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Controlled Application Review and Resolution Program (CARRP)

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If your immigration application has been delayed, you may be asking yourself whether you will ever get to become a U.S. citizen. We see a different future for you. A future where, three or four months from now, USCIS has decided your case and (hopefully) approved you for citizenship. Often, these delays are the result of a program called the Controlled Application Review and Resolution Program or CARRP.

When your application is delayed by CARRP, you may feel stuck but it is important to realize that you have options. A skilled St. Louis, MO immigration delay attorney at Hacking Immigration Law, LLC can help you get the answer you have been waiting for. However, before you take the necessary steps to resolve your case, it is important to know what CARRP is and how it can affect your case.

Understanding the Controlled Application Review and Resolution Program

The purpose of the CARRP is to slow down immigration to the U.S. for people from certain countries. While CARRP deals primarily with Muslim immigrants, the program does result in slowdowns for people from non-Muslim countries as well, typically, those who work in high tech or defense-type industries.

It is unclear what can cause someone to be placed on the CARRP list. Generally, prior interaction with the FBI or ATF, numerous overseas visits, or sending money abroad can land you on the list. Anonymous tips have also caused people to end up subject to CARRP. The fact is that, because much of the program remains secret, it is hard to say exactly why your case may be a CARRP case.

However, when an individual is placed on the CARRP list, they are presumed to be a terrorist. The government agencies then work to see if the person is, in fact, a terrorist or security threat. The individual is never notified they were placed on the list, nor are they provided the opportunity to challenge their placement. Once on the list, it is very difficult to get removed from it.

Based on our experience fighting with USCIS over CARRP delay cases, if you have a CARRP case, no number of InfoPass appointments, calls to the 1-800 number or inquiries to a member of Congress are going to move your case along.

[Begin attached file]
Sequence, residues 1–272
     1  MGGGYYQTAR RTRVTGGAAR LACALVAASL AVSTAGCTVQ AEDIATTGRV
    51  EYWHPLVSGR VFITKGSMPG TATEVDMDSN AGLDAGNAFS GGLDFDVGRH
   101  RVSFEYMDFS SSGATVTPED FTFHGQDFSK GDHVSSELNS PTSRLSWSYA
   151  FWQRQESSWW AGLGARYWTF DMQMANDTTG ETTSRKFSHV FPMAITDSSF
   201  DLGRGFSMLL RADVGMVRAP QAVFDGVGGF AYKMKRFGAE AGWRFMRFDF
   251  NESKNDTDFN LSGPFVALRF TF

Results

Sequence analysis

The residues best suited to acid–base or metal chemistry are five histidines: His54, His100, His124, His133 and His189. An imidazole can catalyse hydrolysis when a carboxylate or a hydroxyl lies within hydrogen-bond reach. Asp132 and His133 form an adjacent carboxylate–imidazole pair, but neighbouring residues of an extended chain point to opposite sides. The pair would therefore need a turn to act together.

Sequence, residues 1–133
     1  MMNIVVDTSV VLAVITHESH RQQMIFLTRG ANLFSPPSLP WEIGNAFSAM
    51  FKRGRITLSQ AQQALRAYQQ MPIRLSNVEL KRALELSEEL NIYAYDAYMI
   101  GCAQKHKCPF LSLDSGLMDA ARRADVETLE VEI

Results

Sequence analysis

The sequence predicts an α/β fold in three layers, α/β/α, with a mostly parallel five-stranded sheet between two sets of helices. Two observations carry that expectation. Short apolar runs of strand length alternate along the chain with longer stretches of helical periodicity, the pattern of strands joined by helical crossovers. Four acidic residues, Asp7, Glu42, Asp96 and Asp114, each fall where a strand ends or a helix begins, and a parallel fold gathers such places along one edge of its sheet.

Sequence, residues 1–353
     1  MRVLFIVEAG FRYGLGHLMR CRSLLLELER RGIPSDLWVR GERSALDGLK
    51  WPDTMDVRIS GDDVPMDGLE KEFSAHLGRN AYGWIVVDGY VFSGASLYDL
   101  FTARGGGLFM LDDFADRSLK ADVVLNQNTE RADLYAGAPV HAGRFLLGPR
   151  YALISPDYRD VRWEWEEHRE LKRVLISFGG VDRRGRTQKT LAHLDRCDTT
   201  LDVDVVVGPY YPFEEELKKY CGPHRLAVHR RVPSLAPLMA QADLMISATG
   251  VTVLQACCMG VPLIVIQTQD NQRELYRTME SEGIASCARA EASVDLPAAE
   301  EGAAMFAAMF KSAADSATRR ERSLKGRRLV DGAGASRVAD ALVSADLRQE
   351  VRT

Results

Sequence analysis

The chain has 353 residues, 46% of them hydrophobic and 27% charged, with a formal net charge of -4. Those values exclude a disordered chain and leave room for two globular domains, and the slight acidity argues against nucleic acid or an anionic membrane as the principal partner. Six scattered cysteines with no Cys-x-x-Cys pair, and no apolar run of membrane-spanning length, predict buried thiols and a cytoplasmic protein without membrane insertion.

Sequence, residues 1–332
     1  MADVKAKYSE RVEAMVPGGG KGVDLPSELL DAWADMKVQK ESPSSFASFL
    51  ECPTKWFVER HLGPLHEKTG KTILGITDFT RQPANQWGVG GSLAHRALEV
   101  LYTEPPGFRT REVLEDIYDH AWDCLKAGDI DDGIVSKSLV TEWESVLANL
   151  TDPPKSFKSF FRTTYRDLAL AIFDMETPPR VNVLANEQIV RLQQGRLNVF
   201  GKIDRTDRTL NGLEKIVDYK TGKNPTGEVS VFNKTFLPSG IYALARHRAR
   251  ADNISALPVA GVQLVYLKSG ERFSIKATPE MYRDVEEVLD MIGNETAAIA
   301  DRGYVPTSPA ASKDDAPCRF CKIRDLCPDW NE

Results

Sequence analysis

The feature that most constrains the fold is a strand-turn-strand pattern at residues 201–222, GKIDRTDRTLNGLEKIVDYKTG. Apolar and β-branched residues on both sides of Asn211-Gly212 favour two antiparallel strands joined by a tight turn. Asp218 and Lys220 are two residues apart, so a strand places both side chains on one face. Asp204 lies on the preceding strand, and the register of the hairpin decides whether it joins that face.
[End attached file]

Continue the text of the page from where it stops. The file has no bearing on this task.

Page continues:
The Naturalization Application Process and CARRP

After someone has been a lawful permanent resident (LPR) in the U.S. for five years (or three years if married to a U.S. citizen), they can file for the next step in the immigration process which is an application called an N-400 Application for Naturalization. Typically, USCIS takes about seven to eight months to process the paperwork and schedule the applicant for the citizenship test and an interview to go over the application.

However, many cases take significantly longer than seven to eight months. People sometimes wait years for their citizenship. We have developed a system to help force USCIS to issue a decision for these cases. The law says that any agency, including USCIS, has to decide a case in a reasonable amount of time. If not, LPRs can file a lawsuit in federal court to ask a judge to compel USCIS to act. The process usually takes 90 to 120 days and currently costs around $3,500. If they fail to decide within this time you may be able to take further action with the help of a dedicated St. Louis, MO immigration attorney who understands CARRP. Our office has sued USCIS nearly 200 times over immigration delays.

A St. Louis, MO Attorney Can Help You Understand CARRP

If your immigration application was delayed you probably want answers. It is not fair that you should be forced to wait years on a resolution without knowing why.  That is why the attorneys at Hacking Immigration Law, LLC in St. Louis, MO are dedicated to fighting these allegations. We can work to force the government to give you the decision you deserve. To learn more about the Controlled Application Review and Resolution Program (CARRP) and how we can help, call today.

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